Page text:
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What Coca-Cola Can and Cannot Say

A lawsuit filed against The Coca-Cola Co. serves as yet another warning for food and beverage companies that they shouldn't make health claims that aren't clearly backed up by science, experts say.

Coca Cola Headquarters, Atlanta Ga. (Photo by John Disney/Daily Report.)

A lawsuit filed against The Coca-Cola Co. serves as yet another warning for food and beverage companies that they shouldn't make health claims that aren't clearly backed up by science, experts say.

The Center for Science in the Public Interest, a consumer advocacy group based in Washington, D.C., sued Coca-Cola and the trade association American Beverage Association on Jan. 4, alleging they downplayed the risks associated with its soda products. The case is being heard in the U.S. district court in Oakland, California.

CSPI alleges Coca-Cola "represented falsely that sugar-sweetened beverages are not linked to obesity, diabetes and cardiovascular disease." The group also accuses the soda giant of funding expensive initiatives that encourage customers to exercise to burn off the calories from their beverages. CSPI points to the "Be OK" ad campaign that states: "A 12 oz. can of Coke = 140 calories. There are many ways to burn those calories through EXTRA physical activity and have fun while doing so."

CSPI is known for suing companies that overstate the nutritional benefits of their product or understate the risks associated with their potentially harmful ingredients, advertising attorneys say.

Coca-Cola issued a statement calling the case meritless. "We take our consumers and their health very seriously and have been on a journey to become a more credible and helpful partner in helping consumers manage their sugar consumption," the company said. It noted that it has taken efforts to expand low- and no-calorie products, added smaller-sized drinks to its lineup, and reformulated its drinks to reduce added sugars. Coca-Cola notes it discloses its funding of health and well-being scientific research, and that it does not advertise to children under the age of 12.

Jason Howell, a partner at Perkins Coie in Seattle, says there is a lesson here for in-house attorneys, particularly those working at food and beverage companies. "These types of cases are always a good general reminder for in-house counsel," he says. "Whenever you're vetting advertising and marketing materials, be careful to scrub the content to make sure the company is not making false, misleading or unsupported messages, especially for health-related claims."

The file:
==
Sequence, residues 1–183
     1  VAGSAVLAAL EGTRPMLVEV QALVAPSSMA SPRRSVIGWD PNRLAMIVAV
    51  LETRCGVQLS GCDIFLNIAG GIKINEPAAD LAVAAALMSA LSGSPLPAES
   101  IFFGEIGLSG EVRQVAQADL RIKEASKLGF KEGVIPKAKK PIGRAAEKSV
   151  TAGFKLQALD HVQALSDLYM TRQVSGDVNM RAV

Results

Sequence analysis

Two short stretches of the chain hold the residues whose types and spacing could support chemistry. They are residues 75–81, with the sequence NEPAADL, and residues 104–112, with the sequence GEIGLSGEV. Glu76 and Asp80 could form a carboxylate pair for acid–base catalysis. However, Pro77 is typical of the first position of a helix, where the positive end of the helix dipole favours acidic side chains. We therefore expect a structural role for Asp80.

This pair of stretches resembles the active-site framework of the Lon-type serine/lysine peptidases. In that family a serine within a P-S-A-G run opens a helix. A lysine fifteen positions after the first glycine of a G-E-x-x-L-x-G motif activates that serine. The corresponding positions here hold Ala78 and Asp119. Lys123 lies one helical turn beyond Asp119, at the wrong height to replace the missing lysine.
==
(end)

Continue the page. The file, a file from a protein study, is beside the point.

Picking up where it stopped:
Howell notes this type of suit is common in the Northern District of California, which has become known as "food court" because the state is consumer-friendly and has seen an uptick of food-related cases in recent years. But he's uncertain if regulators will show an interest in the case against Coca-Cola. "I think the FTC is generally watchful of and concerned about health claims. This could catch their eye. But, particularly under the Trump administration, the FTC might choose to focus their enforcement efforts elsewhere," Howell says.

He notes that this applies to nontraditional advertising such as a FAQ page on a website, or in Coca-Cola's case, it has a page dedicated to addressing rumors about its products. "When content is published on a commercial entity's FAQ or 'rumor response' web pages to promote its products, the content should be vetted, just like with other advertising," he says.

Interestingly, Coca-Cola does address specific health claims on its website. (These claims are not mentioned in the CSPI lawsuit). The company supplies responses to "rumors" about its products, including one that says: "Soft drinks cause kidney failure." The company's response, in part, is: "None of our beverages contain harmful substances. All our soft drinks are wholesome beverages manufactured in compliance with the laws of nearly 200 countries."

Attorney David Mallen with Loeb & Loeb says it's natural for Coca Cola to "have to correct the record" for the public but it's a "balancing act" when it comes to defending its product. "They have to be careful to point to the evidence or point to research if they're pointing to third-party information that addresses whether its sweeteners are linked to kidney failure or if aspartame has links to cancer," he says.

On the other hand, Coca-Cola's lawyers surely realize they can't outright tout the health benefits of Coca-Cola. "They're not going to say something like, 'It's good for you.'" But the question in court for the CSPI lawsuit will be: "When they talk about balance, are they suggesting this is good for you even if they're not expressly saying it?"

Mallen says it isn't clear yet how successful CSPI will be in court. But regardless of CSPI's fate in court, the organization has already succeeded in getting its message out to consumers. "They're very savvy," Mallen says. "This kind of lawsuit has the effect of raising issues of public opinion, which can matter just as much for a brand such as Coca-Cola."

Originally published on Corporate Counsel. All rights reserved. This material may not be published, broadcast, rewritten, or redistributed.

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Stephanie Forshee

Stephanie Forshee is a writer for Inside Counsel magazine. Previously, she has worked for the Puget Sound Business Journal, the San Fernando Valley Business Journal and Auto...

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